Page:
For example, if a man killed someone in your family, you could forgive him and want to help him come to repentance, but you could not pardon him. He would still be guilty before God and before the law and would be held responsible for his actions.
In a similar fashion, unless you are in a place of authority, it is not your responsibility to dole out consequences for wrong actions. You can trust God to be just in every situation. “Do not repay anyone evil for evil. . . . Do not take revenge . . . for it is written: “It is mine to avenge; I will repay,” says the Lord. ” (Romans 12:17–19). God works through authority structures (family, church, employment, and government), life circumstances, and final judgment at the end of time to bring justice to offenders. (See Matthew 18:6–7.)
Voluntarily invest in the life of your offender.
In appropriate instances, an important aspect of forgiveness can be the ability to invest in the life of your offender. Jesus said, “For where your treasure is, there your heart will be also.” (Matthew 6:21). When you willingly give to an offender, God can supernaturally give you sincere love toward him.
Ask God how He wants you to demonstrate His love to your offender. You should be able to invest in his life through prayer, words of affirmation, acts of service, or material gifts. “But if thy enemy be hungry, give him to eat; if he thirst, give him to drink. For, doing this, thou shalt heap coals of fire upon his head. Be not overcome by evil, but overcome evil by good.” (Romans 12:20–21).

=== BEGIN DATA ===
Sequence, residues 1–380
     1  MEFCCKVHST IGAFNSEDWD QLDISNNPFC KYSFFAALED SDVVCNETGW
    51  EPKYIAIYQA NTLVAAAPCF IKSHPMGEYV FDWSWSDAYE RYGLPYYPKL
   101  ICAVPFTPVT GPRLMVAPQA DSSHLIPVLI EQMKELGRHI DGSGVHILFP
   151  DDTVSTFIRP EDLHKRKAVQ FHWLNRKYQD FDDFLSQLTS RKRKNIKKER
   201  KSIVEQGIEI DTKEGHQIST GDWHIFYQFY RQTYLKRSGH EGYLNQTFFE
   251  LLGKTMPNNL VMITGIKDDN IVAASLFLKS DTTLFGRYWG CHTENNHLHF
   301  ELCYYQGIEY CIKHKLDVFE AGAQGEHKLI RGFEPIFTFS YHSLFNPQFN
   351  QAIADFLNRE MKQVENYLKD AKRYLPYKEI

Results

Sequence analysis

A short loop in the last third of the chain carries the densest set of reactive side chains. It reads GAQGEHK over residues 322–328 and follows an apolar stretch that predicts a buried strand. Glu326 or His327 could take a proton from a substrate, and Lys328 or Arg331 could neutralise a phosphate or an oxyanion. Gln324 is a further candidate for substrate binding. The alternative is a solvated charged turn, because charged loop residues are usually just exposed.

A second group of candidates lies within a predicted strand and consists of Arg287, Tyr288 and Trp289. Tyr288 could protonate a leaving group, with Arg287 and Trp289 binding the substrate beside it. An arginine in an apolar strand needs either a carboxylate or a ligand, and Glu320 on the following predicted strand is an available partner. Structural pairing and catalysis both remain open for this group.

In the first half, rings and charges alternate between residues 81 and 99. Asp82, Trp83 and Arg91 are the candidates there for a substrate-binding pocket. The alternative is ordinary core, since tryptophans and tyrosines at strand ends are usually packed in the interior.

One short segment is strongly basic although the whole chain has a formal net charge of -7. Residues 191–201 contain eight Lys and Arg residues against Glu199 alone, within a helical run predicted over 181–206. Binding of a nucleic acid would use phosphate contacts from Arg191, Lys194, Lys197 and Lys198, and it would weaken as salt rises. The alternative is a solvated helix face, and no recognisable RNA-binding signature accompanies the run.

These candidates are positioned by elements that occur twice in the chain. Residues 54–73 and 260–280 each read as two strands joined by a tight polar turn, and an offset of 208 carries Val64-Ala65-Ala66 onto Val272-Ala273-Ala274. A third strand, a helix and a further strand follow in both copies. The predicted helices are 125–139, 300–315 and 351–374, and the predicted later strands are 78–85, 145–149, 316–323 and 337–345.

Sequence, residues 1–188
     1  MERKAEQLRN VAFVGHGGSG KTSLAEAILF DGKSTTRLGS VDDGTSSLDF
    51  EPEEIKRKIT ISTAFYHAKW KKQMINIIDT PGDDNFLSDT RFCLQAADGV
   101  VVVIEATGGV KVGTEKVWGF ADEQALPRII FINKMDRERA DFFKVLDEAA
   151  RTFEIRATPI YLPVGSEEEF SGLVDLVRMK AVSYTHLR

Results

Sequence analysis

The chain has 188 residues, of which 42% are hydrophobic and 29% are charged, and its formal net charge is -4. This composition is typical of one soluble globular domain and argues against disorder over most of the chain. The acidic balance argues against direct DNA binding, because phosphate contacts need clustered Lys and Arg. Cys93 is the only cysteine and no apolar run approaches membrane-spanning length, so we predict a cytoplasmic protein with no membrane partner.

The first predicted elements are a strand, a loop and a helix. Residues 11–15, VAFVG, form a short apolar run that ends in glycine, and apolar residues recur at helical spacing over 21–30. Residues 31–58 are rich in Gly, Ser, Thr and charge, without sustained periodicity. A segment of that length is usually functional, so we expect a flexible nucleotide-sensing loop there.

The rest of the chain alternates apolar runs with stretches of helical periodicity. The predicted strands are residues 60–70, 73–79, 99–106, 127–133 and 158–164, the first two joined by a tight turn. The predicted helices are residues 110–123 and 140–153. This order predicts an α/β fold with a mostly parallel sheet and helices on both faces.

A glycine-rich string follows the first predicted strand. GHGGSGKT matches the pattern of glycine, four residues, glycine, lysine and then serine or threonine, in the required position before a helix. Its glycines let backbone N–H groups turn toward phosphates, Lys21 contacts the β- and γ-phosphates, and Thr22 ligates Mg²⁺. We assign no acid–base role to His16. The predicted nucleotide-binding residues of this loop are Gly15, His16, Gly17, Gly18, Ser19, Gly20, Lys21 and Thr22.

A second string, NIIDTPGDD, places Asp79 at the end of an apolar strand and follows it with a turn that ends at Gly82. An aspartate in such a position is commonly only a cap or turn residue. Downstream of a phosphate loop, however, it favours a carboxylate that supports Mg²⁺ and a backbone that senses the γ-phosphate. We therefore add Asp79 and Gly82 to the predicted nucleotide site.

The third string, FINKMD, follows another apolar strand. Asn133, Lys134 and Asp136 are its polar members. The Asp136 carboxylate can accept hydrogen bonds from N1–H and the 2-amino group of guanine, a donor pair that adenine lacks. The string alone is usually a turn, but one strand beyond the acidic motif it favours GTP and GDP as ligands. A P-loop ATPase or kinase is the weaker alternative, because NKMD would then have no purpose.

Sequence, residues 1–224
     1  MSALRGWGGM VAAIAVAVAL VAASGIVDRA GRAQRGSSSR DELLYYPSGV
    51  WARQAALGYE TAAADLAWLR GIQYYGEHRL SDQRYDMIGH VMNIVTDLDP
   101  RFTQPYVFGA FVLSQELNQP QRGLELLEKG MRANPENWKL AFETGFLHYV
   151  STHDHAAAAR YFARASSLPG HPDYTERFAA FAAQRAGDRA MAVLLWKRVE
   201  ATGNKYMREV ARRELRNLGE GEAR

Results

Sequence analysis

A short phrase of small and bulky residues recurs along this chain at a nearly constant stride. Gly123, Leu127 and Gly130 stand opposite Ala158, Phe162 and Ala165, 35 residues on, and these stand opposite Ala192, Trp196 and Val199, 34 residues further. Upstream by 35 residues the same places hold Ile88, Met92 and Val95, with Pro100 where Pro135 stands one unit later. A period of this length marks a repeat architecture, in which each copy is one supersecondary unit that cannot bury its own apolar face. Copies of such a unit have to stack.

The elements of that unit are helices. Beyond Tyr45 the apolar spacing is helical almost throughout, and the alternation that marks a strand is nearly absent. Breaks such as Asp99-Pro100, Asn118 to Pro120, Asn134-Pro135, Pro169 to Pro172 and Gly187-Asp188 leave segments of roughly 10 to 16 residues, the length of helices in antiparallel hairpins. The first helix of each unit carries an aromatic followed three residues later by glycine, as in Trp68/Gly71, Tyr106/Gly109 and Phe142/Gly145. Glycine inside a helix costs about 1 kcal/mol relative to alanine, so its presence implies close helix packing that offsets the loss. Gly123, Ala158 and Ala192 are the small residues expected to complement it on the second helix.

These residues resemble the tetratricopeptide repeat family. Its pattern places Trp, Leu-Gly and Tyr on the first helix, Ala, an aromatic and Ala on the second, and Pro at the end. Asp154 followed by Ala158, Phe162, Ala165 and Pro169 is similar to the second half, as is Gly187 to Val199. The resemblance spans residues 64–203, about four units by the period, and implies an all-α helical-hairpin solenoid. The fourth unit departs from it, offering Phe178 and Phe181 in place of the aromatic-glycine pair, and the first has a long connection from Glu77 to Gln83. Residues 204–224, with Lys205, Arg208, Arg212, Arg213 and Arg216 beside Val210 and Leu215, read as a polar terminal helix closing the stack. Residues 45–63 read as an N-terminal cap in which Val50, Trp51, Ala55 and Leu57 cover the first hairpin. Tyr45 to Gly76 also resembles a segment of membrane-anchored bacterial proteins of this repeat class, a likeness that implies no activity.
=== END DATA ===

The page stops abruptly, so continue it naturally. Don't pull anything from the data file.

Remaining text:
Whether the offense was intentional or not, forgiveness enables you to have a greater concern for a person after he offends you than you had before he offended you. It opens your heart to cooperating with God’s work in his life, and your sincere love for him allows you to minister to him and help him mature.
Understand that suffering is part of the Christian life.
Scripture states, “For unto you it is given for Christ, not only to believe in him, but also to suffer for him.” (Philippians 1:29). “And all that will live godly in Christ Jesus, shall suffer persecution.” (II Timothy 3:12). “If we suffer, we shall also reign with him. If we deny him, he will also deny us.” (II Timothy 2:12).
As a follower of Christ, you can rejoice in suffering because of the good work God intends to accomplish through it. When offenses usher you into the classroom of trials and tribulations, you have an opportunity to grow in maturity and be filled with a greater understanding of God’s love.
"And not only so; but we glory also in tribulations, knowing that tribulation worketh patience; And patience trial; and trial hope; And hope confoundeth not: because the charity of God is poured forth in our hearts, by the Holy Ghost, who is given to us.” (Romans 5:3–5).
“My brethren, count it all joy, when you shall fall into divers temptations; Knowing that the trying of your faith worketh patience. And patience hath a perfect work; that you may be perfect and entire, failing in nothing. But if any of you want wisdom, let him ask of God, who giveth to all men abundantly, and upbraideth not; and it shall be given him.” (James 1:2–5).